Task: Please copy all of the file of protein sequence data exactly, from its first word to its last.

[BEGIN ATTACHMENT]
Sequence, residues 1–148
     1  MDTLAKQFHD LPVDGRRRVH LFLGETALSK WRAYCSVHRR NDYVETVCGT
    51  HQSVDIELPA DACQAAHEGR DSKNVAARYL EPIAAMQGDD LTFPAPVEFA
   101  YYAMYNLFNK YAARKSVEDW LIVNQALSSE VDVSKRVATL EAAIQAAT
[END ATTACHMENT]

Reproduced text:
Sequence, residues 1–148
     1  MDTLAKQFHD LPVDGRRRVH LFLGETALSK WRAYCSVHRR NDYVETVCGT
    51  HQSVDIELPA DACQAAHEGR DSKNVAARYL EPIAAMQGDD LTFPAPVEFA
   101  YYAMYNLFNK YAARKSVEDW LIVNQALSSE VDVSKRVATL EAAIQAAT